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6 subtle but serious signs that you have heart problems



In the United States, one person dies of cardiovascular disease every 36 seconds, which is one of the leading causes of death in the United States. In addition, about 655,000 Americans die from complications of heart disease each year, which accounts for one in four deaths.

Although these statistics are shocking, what is even more shocking is that many people are completely unaware of the small and insidious signs that may show cardiovascular problems.

“Many people think that chest pain is a warning sign of cardiovascular disease,”

; said Mariko Harper, a physician in Seattle. He specializes in cardiovascular disease, nuclear cardiology and echocardiography. However, he added, “Although more than half of people have chest discomfort during a heart attack, as many as a third of patients (especially women) have no chest symptoms at all. They may show more atypical or subtle symptoms.”

Ignoring these signs means ignoring your entire health.

Esita Devidi, a cardiologist at Lenox Hill Hospital in New York, said that if the human body is regarded as a machine, the heart is the battery that powers it. She said: “In essence, without a functioning heart, the rest of the body will not be at its best.”

Here are some subtle but serious signs that you may be dealing with cardiovascular problems, and some suggestions on how to better improve heart health:

Swelling of lower limbs

Christine Bishara, founder The comprehensive medical practice of Inside Medical from New York says that swelling of the calves, especially the ankles and feet, can predict heart disease. This problem is also called edema.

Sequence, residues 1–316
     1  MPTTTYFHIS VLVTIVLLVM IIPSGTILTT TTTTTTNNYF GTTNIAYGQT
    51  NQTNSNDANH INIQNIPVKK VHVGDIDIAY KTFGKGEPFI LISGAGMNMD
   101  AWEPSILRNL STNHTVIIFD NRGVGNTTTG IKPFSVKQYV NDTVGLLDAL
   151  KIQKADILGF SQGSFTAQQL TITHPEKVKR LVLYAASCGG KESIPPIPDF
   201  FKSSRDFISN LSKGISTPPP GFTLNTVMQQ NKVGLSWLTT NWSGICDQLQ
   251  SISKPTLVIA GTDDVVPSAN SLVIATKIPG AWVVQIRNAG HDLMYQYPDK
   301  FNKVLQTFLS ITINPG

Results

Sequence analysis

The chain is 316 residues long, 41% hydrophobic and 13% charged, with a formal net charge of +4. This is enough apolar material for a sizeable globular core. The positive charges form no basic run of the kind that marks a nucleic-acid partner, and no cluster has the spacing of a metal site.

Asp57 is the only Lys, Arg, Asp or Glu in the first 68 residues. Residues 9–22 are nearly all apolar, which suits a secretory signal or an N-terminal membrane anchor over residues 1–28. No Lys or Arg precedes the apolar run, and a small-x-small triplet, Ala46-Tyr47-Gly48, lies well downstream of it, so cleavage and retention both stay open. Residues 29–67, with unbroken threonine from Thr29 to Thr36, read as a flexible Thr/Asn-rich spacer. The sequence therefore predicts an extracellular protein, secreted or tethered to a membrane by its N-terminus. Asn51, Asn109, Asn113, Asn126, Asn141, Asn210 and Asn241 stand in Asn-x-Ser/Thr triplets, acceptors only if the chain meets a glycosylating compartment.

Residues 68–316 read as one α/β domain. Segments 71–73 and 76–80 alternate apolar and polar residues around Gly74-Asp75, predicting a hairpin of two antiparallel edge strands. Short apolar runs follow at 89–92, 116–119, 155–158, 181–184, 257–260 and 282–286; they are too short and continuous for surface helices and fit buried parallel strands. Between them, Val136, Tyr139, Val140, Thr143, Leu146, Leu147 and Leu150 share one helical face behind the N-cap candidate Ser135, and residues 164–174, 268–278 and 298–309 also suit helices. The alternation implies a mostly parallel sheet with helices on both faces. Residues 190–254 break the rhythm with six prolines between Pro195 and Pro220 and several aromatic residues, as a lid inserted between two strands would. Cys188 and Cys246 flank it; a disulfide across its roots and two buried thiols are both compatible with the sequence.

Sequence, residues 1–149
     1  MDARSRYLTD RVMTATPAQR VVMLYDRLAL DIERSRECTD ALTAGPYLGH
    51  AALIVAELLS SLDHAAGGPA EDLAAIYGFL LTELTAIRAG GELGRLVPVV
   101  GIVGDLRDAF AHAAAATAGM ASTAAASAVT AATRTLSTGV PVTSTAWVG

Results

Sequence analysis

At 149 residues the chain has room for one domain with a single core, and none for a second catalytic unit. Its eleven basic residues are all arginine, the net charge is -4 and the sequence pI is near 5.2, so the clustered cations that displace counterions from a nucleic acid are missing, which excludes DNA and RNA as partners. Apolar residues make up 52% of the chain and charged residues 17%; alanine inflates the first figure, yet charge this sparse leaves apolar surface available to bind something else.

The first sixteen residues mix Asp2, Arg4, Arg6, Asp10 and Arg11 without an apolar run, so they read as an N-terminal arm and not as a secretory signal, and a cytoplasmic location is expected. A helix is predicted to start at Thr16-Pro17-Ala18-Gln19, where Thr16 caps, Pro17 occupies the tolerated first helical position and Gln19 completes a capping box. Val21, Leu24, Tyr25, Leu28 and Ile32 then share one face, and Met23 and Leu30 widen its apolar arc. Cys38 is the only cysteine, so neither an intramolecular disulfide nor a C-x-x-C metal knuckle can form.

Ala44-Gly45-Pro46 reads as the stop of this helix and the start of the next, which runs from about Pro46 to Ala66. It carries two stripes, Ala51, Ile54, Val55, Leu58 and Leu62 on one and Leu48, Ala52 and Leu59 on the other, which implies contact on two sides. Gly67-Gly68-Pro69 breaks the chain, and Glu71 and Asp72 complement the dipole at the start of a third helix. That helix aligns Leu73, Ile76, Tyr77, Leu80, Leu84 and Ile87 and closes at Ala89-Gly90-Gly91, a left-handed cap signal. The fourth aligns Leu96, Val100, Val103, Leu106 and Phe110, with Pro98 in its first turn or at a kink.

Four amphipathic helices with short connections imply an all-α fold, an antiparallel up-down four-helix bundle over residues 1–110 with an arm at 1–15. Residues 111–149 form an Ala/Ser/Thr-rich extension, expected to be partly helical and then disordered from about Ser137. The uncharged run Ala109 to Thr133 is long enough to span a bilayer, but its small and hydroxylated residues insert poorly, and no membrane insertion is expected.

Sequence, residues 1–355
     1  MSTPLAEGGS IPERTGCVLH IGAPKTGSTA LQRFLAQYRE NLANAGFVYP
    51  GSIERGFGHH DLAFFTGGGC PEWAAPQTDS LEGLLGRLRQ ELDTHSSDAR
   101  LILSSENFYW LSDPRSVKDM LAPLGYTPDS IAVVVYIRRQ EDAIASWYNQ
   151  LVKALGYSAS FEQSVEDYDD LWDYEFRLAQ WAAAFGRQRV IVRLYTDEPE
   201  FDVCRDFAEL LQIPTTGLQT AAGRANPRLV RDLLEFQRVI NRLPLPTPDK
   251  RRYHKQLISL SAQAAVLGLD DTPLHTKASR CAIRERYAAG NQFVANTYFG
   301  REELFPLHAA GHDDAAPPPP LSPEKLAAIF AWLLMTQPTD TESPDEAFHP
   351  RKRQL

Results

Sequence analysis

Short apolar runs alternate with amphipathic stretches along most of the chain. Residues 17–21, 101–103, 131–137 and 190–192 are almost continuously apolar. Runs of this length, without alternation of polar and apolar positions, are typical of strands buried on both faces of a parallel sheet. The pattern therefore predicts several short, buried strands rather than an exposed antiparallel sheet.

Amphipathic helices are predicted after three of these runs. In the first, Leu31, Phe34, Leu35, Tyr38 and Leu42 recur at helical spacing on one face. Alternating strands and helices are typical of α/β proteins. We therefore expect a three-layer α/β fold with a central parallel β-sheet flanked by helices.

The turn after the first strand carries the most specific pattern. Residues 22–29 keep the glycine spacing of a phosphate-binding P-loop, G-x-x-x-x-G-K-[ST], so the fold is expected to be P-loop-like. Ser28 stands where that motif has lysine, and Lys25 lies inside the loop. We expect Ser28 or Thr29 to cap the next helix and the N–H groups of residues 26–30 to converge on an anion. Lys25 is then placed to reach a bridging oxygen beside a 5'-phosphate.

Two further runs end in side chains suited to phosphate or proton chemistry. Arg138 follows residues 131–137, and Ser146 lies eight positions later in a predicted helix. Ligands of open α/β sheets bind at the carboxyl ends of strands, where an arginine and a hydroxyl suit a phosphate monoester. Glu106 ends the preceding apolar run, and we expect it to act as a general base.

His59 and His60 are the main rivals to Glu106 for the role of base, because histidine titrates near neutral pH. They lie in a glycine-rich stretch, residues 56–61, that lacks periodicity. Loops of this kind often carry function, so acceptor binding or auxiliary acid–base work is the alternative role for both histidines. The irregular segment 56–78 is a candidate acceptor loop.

“If your heart loses the ability to pump blood to other parts of the body (whether due to a weakened heart muscle or due to damage to heart tissue from a silent heart attack, blood flow may slow down and accumulate in the legs). Cause swelling,”) she said.

Shortness of breath

As mentioned earlier, some people do not feel chest pain when dealing with heart problems. Although this can happen to anyone, Bishara says this is especially true for people with diabetes. Instead, they may have difficulty breathing.

“Because diabetes affects and dulls nerve sensation, [someone who is diabetic] People with severe heart disease may never experience symptoms of chest pain,” she said. “That’s why shortness of breath should never be ignored, especially in new attacks. “

fatigue

According to Bishara, your seemingly unshakable feeling of fatigue may be another subtle sign of heart problems. Especially in situations where nothing seems to be gained.

She said: “If the fatigue symptoms are acute or there is no identifiable underlying cause, please consult a doctor.”

Unexplainable upper back, left shoulder or arm pain

Bishara said, “These pains” cannot be ignored because they may also be signs of heart blockage or impending heart disease. Back symptoms are common in women and sometimes may be the only symptom. ” This is especially true if the pain is random (for example, you did not strain during exercise).

Nowhere to find heart pit

The timing of this heart is as important as the symptoms themselves. Remember, exercise, caffeine, and anxiety all cause your pulse to get faster. However, if you are sitting down or in another relaxed state, and your heart starts to beat, this may indicate a problem. Dizziness and lightheadedness may also be symptoms.